Credit Policy of Dutch Bangla Bank Limited

Credit Policy of Dutch Bangla Bank Limited

The main objective of this report is to analysis Credit Policy of Dutch Bangla Bank Limited. Other objectives are to know more about General Banking policy, the credit sanctioning policy and Foreign Exchange activities of DBBL. Finally furnish the possibilities that the commercial banks can extend their expertise consultation services to control risk exposures of a loan is related inside Bangladesh and outside Bangladesh. Also discuss SWOT analysis and find out problems related on credit policy and recommend some solution.


The basic objective of this paper is to be acquainted with   how a   bank as a financial institution evaluate individual and corporate potential client to serve them general banking services, to sanction different types of loan and advance of different limit to different customer and charges different interest rate to different borrower as well as helping in transaction. That is what factors determines these decision.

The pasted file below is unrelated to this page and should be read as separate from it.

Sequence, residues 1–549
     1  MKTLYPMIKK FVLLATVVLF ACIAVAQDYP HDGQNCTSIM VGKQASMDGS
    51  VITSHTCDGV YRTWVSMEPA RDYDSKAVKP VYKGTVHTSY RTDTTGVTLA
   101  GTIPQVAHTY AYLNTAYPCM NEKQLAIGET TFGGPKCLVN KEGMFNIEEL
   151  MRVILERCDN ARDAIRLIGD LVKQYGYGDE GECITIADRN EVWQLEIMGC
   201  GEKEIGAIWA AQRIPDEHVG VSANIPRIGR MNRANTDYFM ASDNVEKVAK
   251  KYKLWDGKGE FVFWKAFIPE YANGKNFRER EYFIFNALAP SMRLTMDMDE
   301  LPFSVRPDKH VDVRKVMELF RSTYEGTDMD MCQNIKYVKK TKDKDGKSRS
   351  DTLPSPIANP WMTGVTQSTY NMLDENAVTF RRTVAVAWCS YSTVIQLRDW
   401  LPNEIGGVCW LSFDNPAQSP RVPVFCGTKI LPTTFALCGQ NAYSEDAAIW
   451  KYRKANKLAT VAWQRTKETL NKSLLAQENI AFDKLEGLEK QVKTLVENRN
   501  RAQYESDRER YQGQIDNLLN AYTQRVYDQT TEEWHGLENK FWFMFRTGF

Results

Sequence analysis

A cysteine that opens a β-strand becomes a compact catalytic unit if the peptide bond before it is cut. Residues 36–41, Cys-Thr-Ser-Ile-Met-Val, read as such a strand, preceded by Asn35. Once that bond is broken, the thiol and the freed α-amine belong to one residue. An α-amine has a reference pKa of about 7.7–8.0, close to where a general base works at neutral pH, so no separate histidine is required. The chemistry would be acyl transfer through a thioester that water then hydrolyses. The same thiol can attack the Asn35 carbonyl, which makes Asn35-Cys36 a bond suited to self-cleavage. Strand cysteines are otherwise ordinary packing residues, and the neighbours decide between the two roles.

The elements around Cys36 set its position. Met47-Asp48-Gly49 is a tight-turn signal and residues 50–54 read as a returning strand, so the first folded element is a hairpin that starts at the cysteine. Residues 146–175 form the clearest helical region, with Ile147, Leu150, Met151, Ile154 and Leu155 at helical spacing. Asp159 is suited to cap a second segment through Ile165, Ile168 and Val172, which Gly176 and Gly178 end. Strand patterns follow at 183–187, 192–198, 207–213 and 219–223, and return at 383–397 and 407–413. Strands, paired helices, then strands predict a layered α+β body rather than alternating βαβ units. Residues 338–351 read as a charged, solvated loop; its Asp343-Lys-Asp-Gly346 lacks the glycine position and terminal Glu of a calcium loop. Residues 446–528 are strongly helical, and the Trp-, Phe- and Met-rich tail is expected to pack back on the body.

The specific objectives are:

  1. To fulfill the partial requirement of BBA program.
  2. To be acquainted with the background of the bank, Dutch-Bangla Limited (DBBL).
  3. To know more about General Banking policy, the credit sanctioning policy and Foreign Exchange activities of DBBL.
  4. To have an adequate knowledge about which factors mostly affects the loan sanctioning decisions, what amount of loan should be sanctioned to a particular loan applicant depending on his credit worthiness. The basic objective of this paper is to be acquainted with   how a   banking financial institution evaluate individual potential borrower – based on which sanction different of credit limit to different customer and charges different interest rate to different borrower. That is what factors determine this decision.
  5. To furnish the possibilities that the commercial banks can extend their expertise consultation services to control risk exposures of a loan is related inside Bangladesh and outside Bangladesh.


Dutch-Bangla Bank Limited

Company Information